4 Things You Need To Know Before Fiber Optic Cable to Your Home Network
Before you start connecting fiber optic cable to your home network, you should know a few things. Here is a guide to connection methods, types of fibers, and safety issues. You can also find tips for preparing the cable and how to connect it. But be sure to read the manufacturer’s instructions thoroughly before starting work.
Preparation of fiber optic cable
When installing fiber optic cable, it is essential to prepare the cable properly. This will ensure that the cable is not twisted or broken. The best way to prevent cable twist is to roll it in a figure eight pattern on the ground. This will add half a twist on one side and take it out on the other.
Fiber optic cable should be prepared according to manufacturer’s specifications. Violating the temperature range can affect the performance of the fiber. It can also lead to cable jacket cracking. Make sure to conduct tests for continuity and attenuation before connecting the cable. This can save both time and money. The cable should also be checked after splicing and connector installation. Otherwise, the performance of the cable may be affected and may require expensive repair.
Cable installation should be done properly, following all building codes. Vertical fiber optic cable runs are preferred in indoor installations. If a drop is required, the cable should be supported with cable ties. Cable ties should be snug to avoid stress and should not extend past the cable. It is recommended to use hook-and-loop fastener ties.
Types of fiber optic cable
There are several different types of fiber optic cable. Single-mode fiber, for example, has a much smaller core than multimode fiber. Its core diameter is usually around 9 um, while multimode fiber has a core diameter between 50 and 62.5 um. Single-mode fiber is often used for long-distance transmissions. Multimode fiber, on the other hand, is typically used for shorter-distance transmissions.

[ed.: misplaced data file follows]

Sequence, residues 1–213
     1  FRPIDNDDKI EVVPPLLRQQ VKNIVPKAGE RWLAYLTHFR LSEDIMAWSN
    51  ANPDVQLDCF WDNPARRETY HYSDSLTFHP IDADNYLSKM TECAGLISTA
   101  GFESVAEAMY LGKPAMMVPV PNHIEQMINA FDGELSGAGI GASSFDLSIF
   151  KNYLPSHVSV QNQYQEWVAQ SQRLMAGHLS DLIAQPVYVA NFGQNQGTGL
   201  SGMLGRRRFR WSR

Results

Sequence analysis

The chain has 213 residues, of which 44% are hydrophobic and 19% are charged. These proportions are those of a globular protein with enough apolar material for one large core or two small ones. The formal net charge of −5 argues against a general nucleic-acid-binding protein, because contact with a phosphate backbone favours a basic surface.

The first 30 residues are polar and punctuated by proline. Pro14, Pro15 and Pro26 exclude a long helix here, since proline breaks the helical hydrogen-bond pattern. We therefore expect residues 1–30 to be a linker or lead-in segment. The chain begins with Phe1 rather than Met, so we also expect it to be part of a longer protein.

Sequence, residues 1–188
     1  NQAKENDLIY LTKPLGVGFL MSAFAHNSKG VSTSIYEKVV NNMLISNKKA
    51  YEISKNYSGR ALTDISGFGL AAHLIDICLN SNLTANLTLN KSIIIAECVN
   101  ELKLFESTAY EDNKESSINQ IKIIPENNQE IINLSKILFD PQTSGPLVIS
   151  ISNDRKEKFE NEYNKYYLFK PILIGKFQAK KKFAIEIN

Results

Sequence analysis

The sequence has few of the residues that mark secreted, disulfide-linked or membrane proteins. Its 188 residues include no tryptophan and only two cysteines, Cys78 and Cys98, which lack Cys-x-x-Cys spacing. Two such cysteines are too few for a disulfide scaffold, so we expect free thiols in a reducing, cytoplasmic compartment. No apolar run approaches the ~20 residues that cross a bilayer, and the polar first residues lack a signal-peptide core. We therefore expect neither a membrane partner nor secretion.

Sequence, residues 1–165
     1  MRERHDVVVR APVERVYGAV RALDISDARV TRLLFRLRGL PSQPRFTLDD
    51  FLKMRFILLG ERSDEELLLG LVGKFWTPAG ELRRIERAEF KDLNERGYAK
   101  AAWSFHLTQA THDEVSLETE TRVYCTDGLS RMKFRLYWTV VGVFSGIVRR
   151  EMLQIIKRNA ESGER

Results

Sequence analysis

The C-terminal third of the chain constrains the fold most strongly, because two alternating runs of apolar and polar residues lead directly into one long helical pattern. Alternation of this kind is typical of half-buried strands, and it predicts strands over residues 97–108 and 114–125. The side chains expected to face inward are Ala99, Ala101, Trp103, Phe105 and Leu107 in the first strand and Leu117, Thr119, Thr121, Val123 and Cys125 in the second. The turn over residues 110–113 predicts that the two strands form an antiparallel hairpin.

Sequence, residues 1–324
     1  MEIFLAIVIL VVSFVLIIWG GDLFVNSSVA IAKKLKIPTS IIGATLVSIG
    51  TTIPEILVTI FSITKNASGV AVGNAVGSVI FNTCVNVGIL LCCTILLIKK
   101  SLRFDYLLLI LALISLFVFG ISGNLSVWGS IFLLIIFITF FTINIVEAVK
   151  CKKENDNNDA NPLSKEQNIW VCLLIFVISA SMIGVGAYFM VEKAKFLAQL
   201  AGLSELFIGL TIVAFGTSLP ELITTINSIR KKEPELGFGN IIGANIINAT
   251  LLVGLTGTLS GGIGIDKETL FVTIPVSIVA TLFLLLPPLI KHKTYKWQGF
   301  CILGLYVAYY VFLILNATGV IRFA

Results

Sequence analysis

Fiber optic cable can carry electrical current. However, the distance depends on the wavelength and the network it connects to. For example, a 10 Gbps multimode cable can reach a distance of 984 feet, while a single-mode cable can reach up to 25 miles. Choosing the correct cable depends on the application and the environment in which it will be installed.
Single-mode fibers are smaller than multimode fibers and use only one path to carry light. Single-mode cables are also distinguished by the color of their jackets. The jackets of single-mode fibers will be either yellow or blue, while those for multimode fibers will be bright green. However, military-grade fiber cables will be plain green.
There are several different types of connection methods for fiber optic cable. These methods differ in their ease of use and cost. For temporary connections, mechanical splicing is the most common option. Mechanical splicing involves holding two fibers together with an alignment device. The process results in a seamless connection, which reduces back reflection and light loss.
One of the main benefits of fiber optic cable is its speed and range. Unlike copper, it can be run several kilometers. It also has low attenuation, so it can be run longer than copper. Unlike copper, fiber optic cable is also easy to detect, so it is difficult to tap it and cause a malfunction. In addition, it can carry more data than copper and is immune to interference.
The installation of fiber cables is similar to that of copper cables, although there are some differences. The cable is often installed through an underground duct. However, copper cables should never be mixed with fiber optic cables as they can cause strain. In some cases, premise cables are hung below the cable trays.
While working with fiber optic cables, it’s essential to follow safety precautions, including side shields and safety glasses. It’s also vital to never look directly into a fiber end, even if it looks dark. It’s also important to work in a well-ventilated area and avoid smoking.
Fiber optic splicing is dangerous work, and workers must be appropriately trained. They should wear safety glasses while preparing cables and should use caution when working with flammable solvents. They should also avoid eating around the work bench and not look into the fiber ends. This can result in a fire.
Fiber optic cable is extremely fragile. Using it without protection can lead to a variety of risks, including electrocution and eye damage. Workers should wear safety glasses and side shields, wash their hands, and always wear disposable lab aprons.
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